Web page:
Alongside flag carrier British Airways, and its various low-cost and leisure operators, the UK is kept connected by regional airlines. These smaller carriers provide links for less well-served parts of the country, both between one another and to larger population centers. One such company is Glasgow-based Loganair, which proudly markets itself as ‘Scotland’s airline.’
The early years
While a relatively small carrier, Loganair has been part of the furniture in the UK airline industry for nearly six decades. It came into existence in February 1962, when the Logan Construction Company established an air charter arm in Edinburgh, Scotland’s capital. It began as a small operation, flying a Piper PA-23 Aztec, a design that had just four to six seats.
Loganair plays a vital role today in linking Scottish islands to the mainland. Its island services began in 1967, after it acquired three eight-seat Britten-Norman Islanders to serve the Orkneys. Services to the Shetlands commenced three years later. The 1960s also saw a relocation of its head office, from Renfrew Airport to Glasgow Airport.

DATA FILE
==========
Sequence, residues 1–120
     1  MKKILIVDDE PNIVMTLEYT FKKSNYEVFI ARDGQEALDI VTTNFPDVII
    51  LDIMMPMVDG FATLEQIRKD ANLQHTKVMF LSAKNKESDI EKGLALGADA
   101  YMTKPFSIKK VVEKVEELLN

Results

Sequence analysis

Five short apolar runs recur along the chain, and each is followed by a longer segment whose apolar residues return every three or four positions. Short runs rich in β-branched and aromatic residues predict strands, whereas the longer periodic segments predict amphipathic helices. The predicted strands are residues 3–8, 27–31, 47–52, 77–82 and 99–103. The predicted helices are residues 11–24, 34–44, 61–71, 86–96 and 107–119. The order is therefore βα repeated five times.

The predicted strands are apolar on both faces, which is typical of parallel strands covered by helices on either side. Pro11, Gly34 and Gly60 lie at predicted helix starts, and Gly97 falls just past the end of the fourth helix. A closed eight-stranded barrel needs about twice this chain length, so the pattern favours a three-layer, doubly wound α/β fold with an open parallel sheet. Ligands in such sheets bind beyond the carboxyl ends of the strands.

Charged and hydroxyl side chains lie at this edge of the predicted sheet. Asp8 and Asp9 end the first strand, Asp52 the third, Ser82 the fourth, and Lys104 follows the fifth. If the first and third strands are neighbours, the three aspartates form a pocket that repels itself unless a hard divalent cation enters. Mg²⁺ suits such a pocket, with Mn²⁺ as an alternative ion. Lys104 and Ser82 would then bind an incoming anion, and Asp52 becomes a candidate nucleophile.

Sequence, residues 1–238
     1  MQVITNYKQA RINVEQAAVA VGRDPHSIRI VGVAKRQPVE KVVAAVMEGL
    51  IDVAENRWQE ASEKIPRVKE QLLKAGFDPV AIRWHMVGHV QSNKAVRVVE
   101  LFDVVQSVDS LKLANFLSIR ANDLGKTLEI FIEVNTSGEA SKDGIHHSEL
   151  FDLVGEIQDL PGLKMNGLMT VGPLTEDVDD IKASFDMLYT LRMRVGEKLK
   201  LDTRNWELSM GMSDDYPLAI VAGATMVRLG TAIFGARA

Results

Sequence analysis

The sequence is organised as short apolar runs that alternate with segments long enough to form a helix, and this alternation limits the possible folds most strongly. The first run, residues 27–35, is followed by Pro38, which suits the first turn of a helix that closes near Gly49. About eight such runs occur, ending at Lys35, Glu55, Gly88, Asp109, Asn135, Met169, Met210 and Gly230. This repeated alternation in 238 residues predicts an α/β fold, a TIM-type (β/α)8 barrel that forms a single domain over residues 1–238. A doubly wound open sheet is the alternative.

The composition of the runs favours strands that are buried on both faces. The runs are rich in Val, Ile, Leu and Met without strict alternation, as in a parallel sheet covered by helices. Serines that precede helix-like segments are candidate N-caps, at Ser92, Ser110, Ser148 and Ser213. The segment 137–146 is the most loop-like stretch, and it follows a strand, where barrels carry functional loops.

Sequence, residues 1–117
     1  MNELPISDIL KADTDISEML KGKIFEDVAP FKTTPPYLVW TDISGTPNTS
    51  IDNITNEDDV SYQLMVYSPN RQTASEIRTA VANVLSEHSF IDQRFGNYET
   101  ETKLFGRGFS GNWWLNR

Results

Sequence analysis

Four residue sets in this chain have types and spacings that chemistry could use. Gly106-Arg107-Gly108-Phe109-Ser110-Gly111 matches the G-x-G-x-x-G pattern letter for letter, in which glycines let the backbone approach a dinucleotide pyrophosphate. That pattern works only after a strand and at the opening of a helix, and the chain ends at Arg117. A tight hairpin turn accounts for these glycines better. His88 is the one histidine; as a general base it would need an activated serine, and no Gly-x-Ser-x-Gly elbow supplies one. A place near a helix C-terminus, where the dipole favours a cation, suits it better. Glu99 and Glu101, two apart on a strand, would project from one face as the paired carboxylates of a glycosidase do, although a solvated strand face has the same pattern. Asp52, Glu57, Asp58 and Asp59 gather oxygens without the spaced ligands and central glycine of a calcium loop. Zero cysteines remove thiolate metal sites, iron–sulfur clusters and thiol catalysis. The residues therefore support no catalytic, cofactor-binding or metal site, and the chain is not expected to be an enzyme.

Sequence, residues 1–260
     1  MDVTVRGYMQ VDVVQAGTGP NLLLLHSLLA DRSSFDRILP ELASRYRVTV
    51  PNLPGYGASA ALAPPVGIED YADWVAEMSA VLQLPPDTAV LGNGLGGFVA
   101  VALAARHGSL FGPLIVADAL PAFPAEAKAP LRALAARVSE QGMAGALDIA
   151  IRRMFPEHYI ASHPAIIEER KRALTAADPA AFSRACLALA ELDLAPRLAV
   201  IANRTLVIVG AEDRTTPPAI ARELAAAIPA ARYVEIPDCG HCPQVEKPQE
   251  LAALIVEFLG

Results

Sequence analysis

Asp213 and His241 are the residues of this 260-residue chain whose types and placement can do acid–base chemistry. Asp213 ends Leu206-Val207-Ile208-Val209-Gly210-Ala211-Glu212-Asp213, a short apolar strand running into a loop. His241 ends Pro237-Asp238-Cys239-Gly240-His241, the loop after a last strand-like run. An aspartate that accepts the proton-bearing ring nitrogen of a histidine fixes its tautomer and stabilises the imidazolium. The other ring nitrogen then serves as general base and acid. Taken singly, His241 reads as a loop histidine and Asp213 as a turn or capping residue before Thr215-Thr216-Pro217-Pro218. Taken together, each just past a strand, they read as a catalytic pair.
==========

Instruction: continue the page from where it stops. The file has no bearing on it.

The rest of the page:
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Loganair also spent a 15-year period under the ownership of the Royal Bank of Scotland (RBS). This fostered strong growth between 1968 and 1983, with several new types of aircraft coming onboard. These included the Short 360, Fokker F27 ‘Friendship,’ and even jet-powered aircraft in the form of a pair of British Aerospace 146s regional quadjets.
A British Airways and Flybe franchisee
Loganair has spent periods of its history as a franchisee of other UK carriers. For example, 1993 saw the airline become a franchisee of British Airways. This agreement…